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Sviatoslav Richter never played the 'Moonlight' Sonata in public - quite extraordinary when you consider that the opening adagio is one of the most performed keyboard pieces ever.
Here we have an unusual juxtaposition of two very different aspects of Beethoven's oeuvre. Sonata No. 31, prefaces the disarray of the adagio of the 15th Quartet op.132, and has no dedicatee, but Richter's incomparable art of legato makes it irresistible. The 'Diabelli Variations', like the 'Art of Fugue' or Bach's 'Goldberg Variations', are not ideal in concert, too introspective or better served in bite-sized chunks. Richter offers his unique view leading from Bach to Stockhausen via Mozart and anticipating the pianism of Chopin and Liszt.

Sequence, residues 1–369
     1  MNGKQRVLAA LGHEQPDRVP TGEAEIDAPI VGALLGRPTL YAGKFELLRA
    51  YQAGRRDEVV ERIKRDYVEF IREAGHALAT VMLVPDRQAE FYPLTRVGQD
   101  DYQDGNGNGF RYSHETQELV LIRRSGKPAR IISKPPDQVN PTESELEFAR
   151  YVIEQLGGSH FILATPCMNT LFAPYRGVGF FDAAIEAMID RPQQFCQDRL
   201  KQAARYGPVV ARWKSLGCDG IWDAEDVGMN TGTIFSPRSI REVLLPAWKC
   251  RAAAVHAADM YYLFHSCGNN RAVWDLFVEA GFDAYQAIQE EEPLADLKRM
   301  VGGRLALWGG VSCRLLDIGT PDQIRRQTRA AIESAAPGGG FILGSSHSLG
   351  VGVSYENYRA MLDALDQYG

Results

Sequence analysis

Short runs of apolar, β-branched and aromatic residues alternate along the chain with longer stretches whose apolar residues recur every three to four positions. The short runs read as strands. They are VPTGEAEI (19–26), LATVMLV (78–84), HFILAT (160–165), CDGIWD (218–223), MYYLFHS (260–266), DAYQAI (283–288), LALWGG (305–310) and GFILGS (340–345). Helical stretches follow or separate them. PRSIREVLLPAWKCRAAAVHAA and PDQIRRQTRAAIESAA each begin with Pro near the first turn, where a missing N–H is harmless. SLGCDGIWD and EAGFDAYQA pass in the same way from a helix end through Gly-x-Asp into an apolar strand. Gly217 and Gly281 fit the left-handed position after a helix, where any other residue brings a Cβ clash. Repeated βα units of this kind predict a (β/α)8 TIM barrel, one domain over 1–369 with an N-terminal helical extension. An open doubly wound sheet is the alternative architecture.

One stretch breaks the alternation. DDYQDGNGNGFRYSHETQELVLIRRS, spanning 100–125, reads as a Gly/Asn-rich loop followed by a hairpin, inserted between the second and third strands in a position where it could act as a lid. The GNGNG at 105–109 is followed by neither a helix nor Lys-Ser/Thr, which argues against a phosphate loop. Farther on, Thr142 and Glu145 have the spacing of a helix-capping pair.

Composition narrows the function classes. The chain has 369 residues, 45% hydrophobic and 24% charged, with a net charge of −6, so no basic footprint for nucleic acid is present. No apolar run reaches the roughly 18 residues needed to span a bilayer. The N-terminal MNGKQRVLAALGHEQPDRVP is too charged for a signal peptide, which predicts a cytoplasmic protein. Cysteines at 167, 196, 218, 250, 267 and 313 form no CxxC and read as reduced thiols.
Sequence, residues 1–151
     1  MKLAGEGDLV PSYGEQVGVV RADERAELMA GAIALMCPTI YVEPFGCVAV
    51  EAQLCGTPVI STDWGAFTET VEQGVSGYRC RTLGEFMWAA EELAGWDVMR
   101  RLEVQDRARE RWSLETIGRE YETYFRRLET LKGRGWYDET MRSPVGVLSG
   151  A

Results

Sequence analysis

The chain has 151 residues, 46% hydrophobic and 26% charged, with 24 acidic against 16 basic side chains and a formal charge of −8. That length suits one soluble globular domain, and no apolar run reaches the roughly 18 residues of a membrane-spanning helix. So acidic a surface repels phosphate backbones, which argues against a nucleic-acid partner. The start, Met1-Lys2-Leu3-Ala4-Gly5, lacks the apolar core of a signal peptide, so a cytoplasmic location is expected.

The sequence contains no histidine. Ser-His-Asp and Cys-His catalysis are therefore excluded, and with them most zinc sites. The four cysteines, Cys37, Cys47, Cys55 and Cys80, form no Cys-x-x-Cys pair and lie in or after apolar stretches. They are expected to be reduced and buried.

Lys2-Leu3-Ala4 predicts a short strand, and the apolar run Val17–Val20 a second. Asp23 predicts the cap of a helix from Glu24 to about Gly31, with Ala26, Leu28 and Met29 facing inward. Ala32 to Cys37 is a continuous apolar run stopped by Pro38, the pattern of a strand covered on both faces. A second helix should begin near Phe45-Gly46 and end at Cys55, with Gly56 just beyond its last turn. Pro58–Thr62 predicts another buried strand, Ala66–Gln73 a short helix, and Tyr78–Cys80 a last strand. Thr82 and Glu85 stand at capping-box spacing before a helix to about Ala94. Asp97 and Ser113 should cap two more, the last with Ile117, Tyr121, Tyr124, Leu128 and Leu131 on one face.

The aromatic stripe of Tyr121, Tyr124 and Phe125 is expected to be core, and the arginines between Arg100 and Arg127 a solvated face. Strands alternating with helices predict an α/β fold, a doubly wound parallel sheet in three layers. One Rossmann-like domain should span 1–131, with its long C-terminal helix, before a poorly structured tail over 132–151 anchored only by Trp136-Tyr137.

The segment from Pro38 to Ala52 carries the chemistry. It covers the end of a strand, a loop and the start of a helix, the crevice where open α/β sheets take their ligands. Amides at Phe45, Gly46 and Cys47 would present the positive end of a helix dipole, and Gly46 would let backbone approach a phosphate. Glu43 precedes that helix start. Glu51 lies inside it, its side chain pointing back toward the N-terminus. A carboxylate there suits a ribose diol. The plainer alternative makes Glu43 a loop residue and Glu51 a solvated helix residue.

14th October 2012
“one of the most complete and exhilaratingly dramatic accounts of this supreme work that I have ever heard. In Richter’s hands, the old Petrof piano is both a singing and a percussion instrument...No colour in Beethoven’s kaleidoscopic invention, no fleeting harmonic change, is missed. Outstanding.”
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